.Watsonville Hospital’s Ballot Measure N

Measure N would raise $116 million for upgrades, tax homeowners

The governing body that oversees Watsonville Community Hospital has brought the institution back from bankruptcy and the brink of closure since it gained control of the institution last year, restoring local control after years of corporate mismanagement.

But with a lasting $6.7 million debt from the previous owner—and a need to upgrade the hospital facilities—Pajaro Valley Health Care District (PVHCD) and hospital officials are turning to the community for help.

Measure N, upon which voters will decide in the March 5 election, would raise $116 million to pay for upgrades to imaging equipment, renovate the emergency department and expand it from 12 to 22 beds.

Organizers are now engaged in a publicity campaign for the measure, which would affect property owners within the Pajaro Valley Health Care District, which includes parts of Aptos, Seascape, Corralitos, La Selva, all of Watsonville and north Monterey County.

The bond, which would place a $24 tax per $100,000 of assessed value on properties in the district for 30 years, would also go toward repairing, replacing and upgrading roofs, wiring, plumbing, heating, ventilation and air conditioning systems.

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Most importantly, it would allow PVHCD to buy back the building and grounds, saving $3 million in annual rent payments, said PVHCD board member Tony Nuñez.

The previous owner, Halsen Healthcare, sold those assets to Alabama-based Medical Properties Trust for $40 million, claiming it would raise much-needed money to keep the hospital running. 

“That’s $3 million that would stay with the hospital, stay with Pajaro Valley Health Care District and help the people of Watsonville,” Nuñez said. 

Halsen is facing a separate lawsuit for, among other things, “grossly negligent” conduct in the way they ran the hospital, and for allegedly taking roughly $4 million from the hospital for themselves.

There was no official opposition filed against the measure by the Dec. 15 deadline.

Santa Cruz County Budget Manager Marcus Pimentel, who also sits on the board, said that the purchase of the property would include 20 unused acres that might someday be used for additions such as a skilled nursing facility.

Pimentel acknowledged that voters face several tax measures on every ballot to pay for a wide range of needs.

But keeping Watsonville Hospital open, solvent and running, he said, is an urgent necessity.

“We are guaranteed local control of this asset,” he said. “We can bring it back under community control. There is so much benefit to getting this asset back.”

An independent citizens’ oversight committee would be created to ensure the funds are being allocated correctly.

So far, PVHCD’s work has shown a measure of success. The publicly elected body, which oversees the hospital, has solved 80% of its $30 million budget deficit in the first year, according to Pimentel.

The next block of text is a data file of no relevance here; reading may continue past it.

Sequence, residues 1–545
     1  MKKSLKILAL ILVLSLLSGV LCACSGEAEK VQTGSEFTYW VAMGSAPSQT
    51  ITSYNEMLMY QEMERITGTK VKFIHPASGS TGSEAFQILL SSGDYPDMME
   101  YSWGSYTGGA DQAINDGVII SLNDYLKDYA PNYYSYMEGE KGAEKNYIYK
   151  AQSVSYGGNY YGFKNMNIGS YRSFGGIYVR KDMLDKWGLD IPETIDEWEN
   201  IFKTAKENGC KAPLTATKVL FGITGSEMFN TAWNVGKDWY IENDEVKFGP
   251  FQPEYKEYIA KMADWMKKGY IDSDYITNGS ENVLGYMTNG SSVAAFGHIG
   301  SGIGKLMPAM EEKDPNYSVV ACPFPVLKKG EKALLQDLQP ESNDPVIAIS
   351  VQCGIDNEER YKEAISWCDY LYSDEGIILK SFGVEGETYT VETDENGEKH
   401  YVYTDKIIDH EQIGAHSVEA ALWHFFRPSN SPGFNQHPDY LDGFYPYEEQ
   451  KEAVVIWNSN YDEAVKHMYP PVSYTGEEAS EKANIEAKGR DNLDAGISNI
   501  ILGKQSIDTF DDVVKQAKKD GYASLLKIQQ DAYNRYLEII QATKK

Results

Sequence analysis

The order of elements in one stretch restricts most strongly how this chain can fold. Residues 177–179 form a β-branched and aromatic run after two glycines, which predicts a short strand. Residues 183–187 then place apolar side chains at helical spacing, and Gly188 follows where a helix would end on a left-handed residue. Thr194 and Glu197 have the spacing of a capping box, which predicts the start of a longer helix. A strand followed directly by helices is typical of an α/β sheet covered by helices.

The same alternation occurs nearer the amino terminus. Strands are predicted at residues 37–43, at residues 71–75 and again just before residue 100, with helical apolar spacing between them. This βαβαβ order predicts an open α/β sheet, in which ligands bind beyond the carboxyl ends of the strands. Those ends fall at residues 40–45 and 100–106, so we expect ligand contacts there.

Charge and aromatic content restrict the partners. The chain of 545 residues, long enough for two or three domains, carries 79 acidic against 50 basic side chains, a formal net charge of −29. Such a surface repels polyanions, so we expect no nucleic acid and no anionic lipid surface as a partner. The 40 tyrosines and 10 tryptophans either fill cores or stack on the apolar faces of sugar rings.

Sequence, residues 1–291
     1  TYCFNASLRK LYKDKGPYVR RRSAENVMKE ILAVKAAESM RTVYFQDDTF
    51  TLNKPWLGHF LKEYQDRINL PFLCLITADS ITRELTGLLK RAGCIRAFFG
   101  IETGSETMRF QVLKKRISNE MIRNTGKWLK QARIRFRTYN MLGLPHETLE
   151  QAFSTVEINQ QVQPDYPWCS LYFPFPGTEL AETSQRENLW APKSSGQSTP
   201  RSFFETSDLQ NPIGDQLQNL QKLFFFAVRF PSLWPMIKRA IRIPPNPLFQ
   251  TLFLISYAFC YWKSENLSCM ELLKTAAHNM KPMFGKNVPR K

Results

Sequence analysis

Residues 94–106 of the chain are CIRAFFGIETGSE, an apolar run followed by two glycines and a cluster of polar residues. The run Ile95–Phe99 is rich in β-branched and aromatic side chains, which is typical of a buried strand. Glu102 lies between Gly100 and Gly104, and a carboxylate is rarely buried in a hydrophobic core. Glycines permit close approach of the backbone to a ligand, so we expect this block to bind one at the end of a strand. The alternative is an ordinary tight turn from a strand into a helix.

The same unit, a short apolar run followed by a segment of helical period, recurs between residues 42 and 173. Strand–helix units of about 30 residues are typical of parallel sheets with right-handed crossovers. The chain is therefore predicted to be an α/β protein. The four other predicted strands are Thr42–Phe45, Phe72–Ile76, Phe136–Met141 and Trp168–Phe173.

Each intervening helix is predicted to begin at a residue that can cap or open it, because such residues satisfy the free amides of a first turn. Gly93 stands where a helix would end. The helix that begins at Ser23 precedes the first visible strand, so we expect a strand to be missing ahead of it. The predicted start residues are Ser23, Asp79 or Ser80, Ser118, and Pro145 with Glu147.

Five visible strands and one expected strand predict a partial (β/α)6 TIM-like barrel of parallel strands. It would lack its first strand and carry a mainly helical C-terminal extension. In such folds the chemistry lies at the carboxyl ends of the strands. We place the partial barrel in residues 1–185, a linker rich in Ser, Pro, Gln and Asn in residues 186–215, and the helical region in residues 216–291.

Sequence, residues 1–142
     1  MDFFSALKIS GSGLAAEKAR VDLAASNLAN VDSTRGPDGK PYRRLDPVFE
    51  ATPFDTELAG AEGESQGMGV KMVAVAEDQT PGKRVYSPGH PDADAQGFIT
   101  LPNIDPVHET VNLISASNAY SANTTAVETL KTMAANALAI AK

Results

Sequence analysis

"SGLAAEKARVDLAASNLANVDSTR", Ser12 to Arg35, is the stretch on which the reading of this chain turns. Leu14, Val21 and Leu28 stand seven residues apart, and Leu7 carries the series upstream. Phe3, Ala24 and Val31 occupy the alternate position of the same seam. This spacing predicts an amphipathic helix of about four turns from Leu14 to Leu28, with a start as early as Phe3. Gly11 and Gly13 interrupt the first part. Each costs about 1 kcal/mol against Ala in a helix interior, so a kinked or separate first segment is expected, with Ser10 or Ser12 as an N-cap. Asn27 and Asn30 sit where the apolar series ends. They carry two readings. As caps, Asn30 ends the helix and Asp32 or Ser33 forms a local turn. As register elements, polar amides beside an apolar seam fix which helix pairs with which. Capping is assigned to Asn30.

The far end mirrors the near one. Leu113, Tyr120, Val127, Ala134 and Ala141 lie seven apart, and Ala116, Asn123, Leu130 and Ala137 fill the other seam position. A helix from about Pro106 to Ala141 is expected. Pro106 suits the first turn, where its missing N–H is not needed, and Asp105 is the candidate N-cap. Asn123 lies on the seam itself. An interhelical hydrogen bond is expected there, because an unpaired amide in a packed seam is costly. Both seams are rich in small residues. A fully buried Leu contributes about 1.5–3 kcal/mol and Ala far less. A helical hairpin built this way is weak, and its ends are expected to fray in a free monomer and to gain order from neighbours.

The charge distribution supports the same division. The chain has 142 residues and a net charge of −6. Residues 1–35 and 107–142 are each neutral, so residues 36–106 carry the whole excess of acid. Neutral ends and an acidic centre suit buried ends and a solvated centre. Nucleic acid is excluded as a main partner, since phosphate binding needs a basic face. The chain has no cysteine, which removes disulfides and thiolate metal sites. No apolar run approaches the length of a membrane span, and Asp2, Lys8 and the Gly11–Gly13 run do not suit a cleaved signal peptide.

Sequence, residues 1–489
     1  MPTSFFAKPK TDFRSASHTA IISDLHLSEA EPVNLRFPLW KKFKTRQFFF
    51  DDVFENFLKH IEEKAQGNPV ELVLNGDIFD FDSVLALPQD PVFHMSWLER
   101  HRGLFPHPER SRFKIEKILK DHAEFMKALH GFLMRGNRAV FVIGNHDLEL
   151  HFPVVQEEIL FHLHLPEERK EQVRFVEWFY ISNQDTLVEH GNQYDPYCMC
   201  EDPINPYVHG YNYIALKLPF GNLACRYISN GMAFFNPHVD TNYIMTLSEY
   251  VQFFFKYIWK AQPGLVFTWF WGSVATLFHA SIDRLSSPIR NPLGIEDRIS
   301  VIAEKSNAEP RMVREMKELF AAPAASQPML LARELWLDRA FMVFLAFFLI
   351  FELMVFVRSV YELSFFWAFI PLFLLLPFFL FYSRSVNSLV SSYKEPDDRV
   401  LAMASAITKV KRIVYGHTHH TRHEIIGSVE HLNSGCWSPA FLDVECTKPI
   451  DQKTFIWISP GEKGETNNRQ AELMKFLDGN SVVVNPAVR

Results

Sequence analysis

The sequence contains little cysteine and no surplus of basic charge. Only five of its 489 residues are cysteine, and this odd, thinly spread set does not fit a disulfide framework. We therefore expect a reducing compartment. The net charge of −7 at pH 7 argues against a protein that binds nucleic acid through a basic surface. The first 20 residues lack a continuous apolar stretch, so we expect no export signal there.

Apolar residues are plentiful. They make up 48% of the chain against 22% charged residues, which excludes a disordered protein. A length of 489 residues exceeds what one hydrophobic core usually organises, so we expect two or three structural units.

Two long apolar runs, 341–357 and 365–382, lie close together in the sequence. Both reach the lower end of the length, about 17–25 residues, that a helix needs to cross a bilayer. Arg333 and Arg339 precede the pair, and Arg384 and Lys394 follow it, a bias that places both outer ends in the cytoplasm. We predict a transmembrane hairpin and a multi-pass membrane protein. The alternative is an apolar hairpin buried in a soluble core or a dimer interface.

Nuñez said that the numbers coming out of Watsonville Hospital point to the institution’s importance.

A total of 900 babies were delivered there last year, which is more than any other delivery room in Santa Cruz County.

Additionally, 32,000 people came through the emergency department, a number that is now inching toward 35,000, Nuñez said.

That’s compared to 52,000 at Dominican Hospital and 60,000 visits at Community Hospital of the Monterey Peninsula. Officials at those hospitals say that closure of Watsonville would impact their emergency rooms and occupancy rates.

Emergency department Dr. David Claypool said that expanding the facility is critical to accommodate the growing numbers of patients. Last week, he said, 20 people checked in two hours, taxing the relatively small department.

Upgrades to the X-ray and CT scanners would also be a boon for the emergency doctors, which use the equipment more than any other department, Claypool said. 

“There are a lot of important changes that need to be made,” he said.

Claypool also pointed out that, as a community hospital owned by PVHCD, there is no question how or where the money will be spent.

“Every single piece of revenue we generate for the district will be spent on the hospital, to help improve services,” he said. “It’s a pretty exciting time at Watsonville Hospital.”

Without Watsonville Hospital’s emergency room, those patients would be shifted onto other regional hospitals such as Dominican, Pimentel said. 

“This is not just a Watsonville or a Pajaro Valley issue,” he said. It’s a Santa Cruz County health care issue.”

County election guides will be mailed out on Jan. 25. Ballots will be mailed on Feb. 5, at which time two in-person voting locations will open.

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